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“No, I don’t,” said Greer. “But I would anticipate, based on this President being so vocal and so aggressive about his vision of America, where government is in every aspect of our lives, I believe that the speech that he was gonna give, based on the lesson plans, is different.”

That was Jim Greer in response to a question asking for proof of his claims by CNN’s Suzanne Malveaux. Greer, the Florida GOP Chair, last week lambasted Pres. Obama’s upcoming address to schoolchildren as socialist indoctrination. He recently became more receptive to the speech when the full text was released.

I would have liked Malveaux to then respond, “Yes Jim, a belief that is completely divorced from reality befitting your absurd point of view.”

Written by Will

September 8th, 2009 at 1:35 am

Scarcity and Political Campaigns

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Chris Anderson’s recent article in Wired on the benefits of abundance versus scarcity got me thinking. Can treating processing power as abundant, and thus opening up creativity, innovation, and success, be something that I can apply to political campaigns? The prime question is: what should be considered the abundant factor in campaigns? Voters?

Tech Is Too Cheap to Meter: It’s Time to Manage for Abundance, Not Scarcity

Campaigns often treat voters as rather expensive entities. Millions are spent on direct mail, prime-time advertisements, and even telemarketing tools. In low turnout primaries, some candidates end up spending upwards of a $100 on each actual voter. One need only look at the last candidate I put energy into, Terry McAuliffe, who spent $90 per voter for the June primary. With all that money spent, how did his opponent Creigh Deeds turn the tide? What if (to the campaigns at least) every vote “didn’t” count?

The most surprising implication in this statement is that campaigns don’t need to work for every vote. This should have already been bored into me. Countless times, I’ve been told to drop a long phone conversation, or to not answer every obscure policy wonk, or not spend an inordinate amount of my time at any one door. Quantity rather than depth is bred into every campaign worker’s mentality because voter’s won’t remember more than two minutes of a conversation anyway.

This philosophy is not, however, worked into the macro level. Although you as an individual will not talk to that voter again, the campaign certainly will; through mass media and thousands of other volunteers, scarce voters will be hawkishly guarded. In the McAuliffe campaign, telemarketing calls were the communication mode du jour. This technique, meant to amplify the abilities of volunteers, instead magnified the problem. The more voters heard about Terry over the phone, the less sure they were about their support. Towards the end, we dropped telling people about Terry at all, focusing solely on Deeds. People don’t remember much about your particular conversation, but they do remember how you and everyone’s uncle called their house ten times.

Terry’s campaign had two key parts backwards. They treated voters as scarce and public patience and goodwill as abundant. This passage from Anderson’s article on cell phone companies and voicemail storage mirrors this:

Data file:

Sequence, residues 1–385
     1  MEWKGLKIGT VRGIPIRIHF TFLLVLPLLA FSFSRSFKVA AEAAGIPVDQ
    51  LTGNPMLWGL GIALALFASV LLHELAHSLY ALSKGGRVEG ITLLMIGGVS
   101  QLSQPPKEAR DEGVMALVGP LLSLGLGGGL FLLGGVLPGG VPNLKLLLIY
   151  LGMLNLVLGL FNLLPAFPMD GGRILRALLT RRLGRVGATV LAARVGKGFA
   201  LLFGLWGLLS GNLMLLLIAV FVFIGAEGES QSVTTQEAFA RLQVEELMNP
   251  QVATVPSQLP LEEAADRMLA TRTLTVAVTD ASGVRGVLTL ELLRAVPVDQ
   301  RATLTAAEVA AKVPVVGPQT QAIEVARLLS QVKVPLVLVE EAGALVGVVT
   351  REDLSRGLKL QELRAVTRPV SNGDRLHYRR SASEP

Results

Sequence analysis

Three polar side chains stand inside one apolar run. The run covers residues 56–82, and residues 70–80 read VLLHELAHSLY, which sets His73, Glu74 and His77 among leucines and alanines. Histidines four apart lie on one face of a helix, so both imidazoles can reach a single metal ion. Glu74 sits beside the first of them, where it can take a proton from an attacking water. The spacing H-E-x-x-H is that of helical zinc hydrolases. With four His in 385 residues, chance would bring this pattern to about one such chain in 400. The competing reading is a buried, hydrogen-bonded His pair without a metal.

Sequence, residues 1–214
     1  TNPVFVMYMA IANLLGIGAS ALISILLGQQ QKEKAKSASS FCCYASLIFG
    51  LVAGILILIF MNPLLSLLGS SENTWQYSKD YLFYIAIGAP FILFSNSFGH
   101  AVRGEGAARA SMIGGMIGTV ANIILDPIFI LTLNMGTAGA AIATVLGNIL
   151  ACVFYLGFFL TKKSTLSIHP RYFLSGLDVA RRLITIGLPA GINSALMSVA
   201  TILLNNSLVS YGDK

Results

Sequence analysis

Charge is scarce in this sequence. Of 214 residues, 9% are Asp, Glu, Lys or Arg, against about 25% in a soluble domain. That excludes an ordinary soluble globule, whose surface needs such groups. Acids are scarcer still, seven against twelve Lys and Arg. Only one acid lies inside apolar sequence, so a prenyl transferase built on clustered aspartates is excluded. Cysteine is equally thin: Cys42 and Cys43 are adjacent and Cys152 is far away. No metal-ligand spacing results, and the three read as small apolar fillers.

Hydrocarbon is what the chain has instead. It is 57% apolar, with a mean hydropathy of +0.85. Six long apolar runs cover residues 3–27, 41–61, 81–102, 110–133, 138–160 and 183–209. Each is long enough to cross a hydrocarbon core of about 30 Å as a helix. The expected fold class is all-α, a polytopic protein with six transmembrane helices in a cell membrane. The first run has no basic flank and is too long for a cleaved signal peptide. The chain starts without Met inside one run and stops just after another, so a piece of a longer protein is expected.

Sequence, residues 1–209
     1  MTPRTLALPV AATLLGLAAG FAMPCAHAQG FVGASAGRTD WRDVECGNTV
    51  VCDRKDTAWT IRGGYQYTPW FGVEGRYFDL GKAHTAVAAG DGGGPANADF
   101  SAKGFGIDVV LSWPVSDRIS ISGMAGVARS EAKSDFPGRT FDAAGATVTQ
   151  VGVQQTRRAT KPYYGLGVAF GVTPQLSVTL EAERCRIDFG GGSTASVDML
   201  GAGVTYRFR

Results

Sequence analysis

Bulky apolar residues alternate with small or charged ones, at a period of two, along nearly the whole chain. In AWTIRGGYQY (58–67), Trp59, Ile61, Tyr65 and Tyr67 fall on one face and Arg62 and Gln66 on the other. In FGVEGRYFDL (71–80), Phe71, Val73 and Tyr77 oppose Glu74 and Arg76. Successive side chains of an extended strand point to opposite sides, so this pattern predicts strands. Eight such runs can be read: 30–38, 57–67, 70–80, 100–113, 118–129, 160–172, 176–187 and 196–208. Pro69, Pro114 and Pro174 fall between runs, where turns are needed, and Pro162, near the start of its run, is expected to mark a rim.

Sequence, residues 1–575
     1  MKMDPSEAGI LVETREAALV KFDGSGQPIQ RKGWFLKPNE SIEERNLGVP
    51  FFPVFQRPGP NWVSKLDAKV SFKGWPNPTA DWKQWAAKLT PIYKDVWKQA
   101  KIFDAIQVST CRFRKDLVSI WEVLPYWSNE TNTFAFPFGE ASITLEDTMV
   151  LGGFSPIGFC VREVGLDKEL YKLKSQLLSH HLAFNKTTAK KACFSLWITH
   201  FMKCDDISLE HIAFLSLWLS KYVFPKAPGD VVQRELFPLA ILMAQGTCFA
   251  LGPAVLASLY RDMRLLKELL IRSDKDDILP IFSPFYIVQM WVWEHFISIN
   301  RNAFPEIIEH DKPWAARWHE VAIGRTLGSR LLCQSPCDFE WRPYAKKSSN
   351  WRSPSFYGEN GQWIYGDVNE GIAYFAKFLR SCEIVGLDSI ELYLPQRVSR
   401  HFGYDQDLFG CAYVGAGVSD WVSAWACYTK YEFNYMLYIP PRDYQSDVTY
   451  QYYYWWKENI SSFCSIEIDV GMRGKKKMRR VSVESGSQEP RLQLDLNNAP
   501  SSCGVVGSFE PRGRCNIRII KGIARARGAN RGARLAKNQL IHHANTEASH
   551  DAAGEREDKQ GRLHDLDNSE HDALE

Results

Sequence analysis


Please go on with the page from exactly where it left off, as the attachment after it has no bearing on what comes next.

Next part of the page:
They managed the scarcity they could measure (storage) but neglected to manage a much more critical scarcity (customer goodwill). No wonder phone companies are second only to cable TV companies in “most hated” rankings.

They also gave the most attention to what should have gotten the least attention. At the individual level, it pays to spend more personal time with a voter (as explained later). At the macro level, it doesn’t pay to push more contacts (i.e., spend more of the campaign’s time) with every voter.

Imagine a hypothetical campaign in which more voter contact was not always the end goal. What, instead of micro-targeting, would seed the campaign’s message across a wide swath of abundant voters? The voter’s themselves! A campaign that relied on an abundance of voters to spread its message becomes a movement, which is why campaigns rarely qualify.

In a scarce-voter world-view, the priority of campaigns is control – dictate the message, work directly through mass media, and don’t deviate. In an abundant-voter world-view, supporters would carry their personalized and human voice of support organically to exponentially growing numbers of people. In abundant-voter campaigns, there is a degree of trust and empowerment transferred between the campaign and the average supporter. Rank and file volunteers are encouraged to voice their support in as many diverse ways as possible because ultimately, personal relationships carry aboard more supporters than going off-message loses voters. Abundant-voter campaigns use phone tools to ensure name recognition and minimal tracking numbers, but ultimately put the most faith in long-lasting, in-depth, personal contact with campaign workers and volunteers. This starts with canvassing, but is fully realized in one-on-one meetings, house parties, and non-campaign socialization (which can all still be tracked quite effectively for accountability purposes). I only need to remember one piece of advice to re-affirm this idea: ‘They’ll come in for Barack, but they stay because of you.’ Finally, abundant-voter campaigns use television, mass-media, and stump speeches to engage voters in the same way campaign workers do in person: by treating voters, on a policy level, as intellectually-equal to the most senior campaign strategists.

It’s hard to change the prevailing philosophy solely in favor of statistics and ever-increasing numbers of voter contacts. This view is cemented in the minds of campaign strategists. Obama’s campaign took the abundant-voter philosophy. Many columnists would argue that since Obama’s campaign did not catapult an issue lasting Obama, it does not count as a movement. I disagree. A generational shift in organizational thinking is coming, and not just in campaigns. A new group of Americans, and many more born after them, who are inspired to organize government, business, and non-profits with the abundant-philosophy of the Obama campaign will radically transform society. I only hope that the administration lives up to the promise of its campaign.

Written by Will

July 13th, 2009 at 7:44 am

Parody on Fox Ads

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Actually, it’s real.

Written by Will

May 5th, 2009 at 4:17 pm

Posted in Politics